Anyone with an involvement or interest in clinical research is likely to be aware of the challenges sponsors face in getting their compounds approved by the FDA. The low rates at which drugs make it all the way through the research process is a favorite topic of blogs and journalistic outlets covering clinical research. Many of the drugs that fall by the wayside suffer that fate because of unfavorable efficacy data in the middle and later phases.1 Many others, though, fall victim to administrative or technical challenges – and these issues often arise not as a compound nears the finish line, but as early as the nascent stages of Phase I. Here are three obstacles that researchers commonly face early in Phase I, as well as some insight into how the right eClinical software can nip some of those obstacles in the bud.
Across all phases of research, challenges in patient recruitment are often accounted for by a lack of awareness of clinical trials and a skepticism of the tested compound’s efficacy compared to existing treatments. Recruitment challenges in Phase I, however, have their own additional causes. Perhaps the most notorious of these is the “guinea pig” fear: as the drug’s safety and tolerability profiles have not yet been established, potential subjects often worry it may pose a danger to their wellbeing. A lack of motivation is another common factor, as most Phase I trials involve healthy volunteers with no medical necessity for the tested compound. The exception to this, of course, is Phase I oncology trials, which enroll sick patients. But even here, patients with an advanced condition and limited time are often reluctant to try a treatment with undetermined efficacy.
Before dosing begins in a clinical trial, there is a period of negotiation dedicated to hammering out details related to administrative matters like site payments. As we discussed in a post last year, the time spent on negotiations with clinical research sites tends to decrease as research moves from one clinical phase to the next. It follows, then, that the negotiation period tends to be longest in Phase I. In fact, Phase I site negotiations often last more than twice as long as many sponsors prefer.2 These lengthy negotiation periods threaten to derail timelines even before research has begun.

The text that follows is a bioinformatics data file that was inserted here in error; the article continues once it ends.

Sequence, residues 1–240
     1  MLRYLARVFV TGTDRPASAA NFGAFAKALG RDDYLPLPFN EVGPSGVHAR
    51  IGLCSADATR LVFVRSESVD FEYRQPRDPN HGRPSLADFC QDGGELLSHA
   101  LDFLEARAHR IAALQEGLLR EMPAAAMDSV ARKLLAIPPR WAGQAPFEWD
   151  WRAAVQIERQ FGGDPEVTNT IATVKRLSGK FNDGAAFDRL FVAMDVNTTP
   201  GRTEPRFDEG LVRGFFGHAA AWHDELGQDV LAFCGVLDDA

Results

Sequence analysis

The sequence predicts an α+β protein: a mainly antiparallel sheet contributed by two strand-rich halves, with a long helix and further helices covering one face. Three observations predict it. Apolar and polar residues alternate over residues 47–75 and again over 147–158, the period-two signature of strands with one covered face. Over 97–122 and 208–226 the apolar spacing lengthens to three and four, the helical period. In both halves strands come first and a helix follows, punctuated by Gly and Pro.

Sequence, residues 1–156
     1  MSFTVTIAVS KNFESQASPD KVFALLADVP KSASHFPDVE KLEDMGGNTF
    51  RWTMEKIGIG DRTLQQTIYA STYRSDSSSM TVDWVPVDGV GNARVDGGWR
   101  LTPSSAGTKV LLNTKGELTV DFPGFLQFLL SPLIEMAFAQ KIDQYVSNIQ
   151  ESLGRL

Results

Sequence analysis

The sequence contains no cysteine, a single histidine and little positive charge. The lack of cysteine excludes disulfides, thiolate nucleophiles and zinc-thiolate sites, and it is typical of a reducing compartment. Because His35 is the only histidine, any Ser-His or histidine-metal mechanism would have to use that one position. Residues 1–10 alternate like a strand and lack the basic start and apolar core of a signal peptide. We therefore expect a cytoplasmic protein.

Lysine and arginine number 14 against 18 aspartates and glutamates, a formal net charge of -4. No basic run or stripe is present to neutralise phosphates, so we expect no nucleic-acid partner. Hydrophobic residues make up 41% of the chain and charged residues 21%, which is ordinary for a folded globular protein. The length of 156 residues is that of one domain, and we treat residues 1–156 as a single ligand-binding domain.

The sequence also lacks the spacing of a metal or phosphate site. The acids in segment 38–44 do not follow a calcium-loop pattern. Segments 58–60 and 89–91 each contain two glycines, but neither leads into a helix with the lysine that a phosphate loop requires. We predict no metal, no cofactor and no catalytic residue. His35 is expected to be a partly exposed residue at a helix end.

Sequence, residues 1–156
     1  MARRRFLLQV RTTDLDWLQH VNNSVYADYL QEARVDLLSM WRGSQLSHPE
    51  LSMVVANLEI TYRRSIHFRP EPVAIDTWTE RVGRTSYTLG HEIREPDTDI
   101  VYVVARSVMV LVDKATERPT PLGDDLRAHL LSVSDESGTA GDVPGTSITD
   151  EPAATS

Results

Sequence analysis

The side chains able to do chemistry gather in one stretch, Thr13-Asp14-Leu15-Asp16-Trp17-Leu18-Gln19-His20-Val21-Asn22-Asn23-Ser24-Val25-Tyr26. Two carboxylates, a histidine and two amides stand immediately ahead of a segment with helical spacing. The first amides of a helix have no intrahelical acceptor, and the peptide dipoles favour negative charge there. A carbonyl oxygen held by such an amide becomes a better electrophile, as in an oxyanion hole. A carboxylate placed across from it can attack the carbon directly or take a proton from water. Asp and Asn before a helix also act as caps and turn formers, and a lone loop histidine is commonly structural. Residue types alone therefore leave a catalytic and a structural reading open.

As Phase I oncology trials enroll sick patients instead of healthy volunteers, eligibility criteria can be strict, and dropout rates are notoriously high. This places the protocols of these trials at particularly high risk of unexpected changes. Indeed, a study by the Tufts Center for the Study of Drug Development found patient recruitment struggles to be a common cause of protocol amendments, with many amendments aiming to change patient eligibility criteria.3 Outside of oncology, there is another risk: the Tufts study reported that most Phase I protocol amendments take place before patient enrollment begins,3 and therefore create delays in the nascent stages of a trial that may be difficult to recover from as research progresses.
A software solution to these obstacles
With these challenges lying in wait, researchers can benefit from entering their Phase I trials equipped with the tools necessary to address them. The right eClinical software can provide both direct and oblique solutions to early Phase I challenges. Medrio’s EDC makes it easy to perform mid-study changes, a feature that serves as a bulwark against protocol amendments. And the software has a user-friendly drag-and-drop interface that enables researchers to build studies in weeks instead of months, creating time savings that can offset any delays stemming from patient recruitment or site negotiations.
The outcomes of Phase I trials set the tone for the rest of the research process. The value of a strong start, then, is difficult to overstate. While these trials face considerable challenges in their early stages, robust and intuitive EDC like Medrio is available to mitigate those challenges.
1 Mills, Roger; Why Do Drugs in Development “Fail” in Clinical Trials?; Pharmaceutical Processing; December 2016
2 Glass, Lucas Miller; Speeding Negotiations with Investigator Sites; Applied Clinical Trials; 6 November 2015
3 Getz, Kenneth A.; Protocol Amendments: a Costly Solution; Applied Clinical Trials; 1 May 2011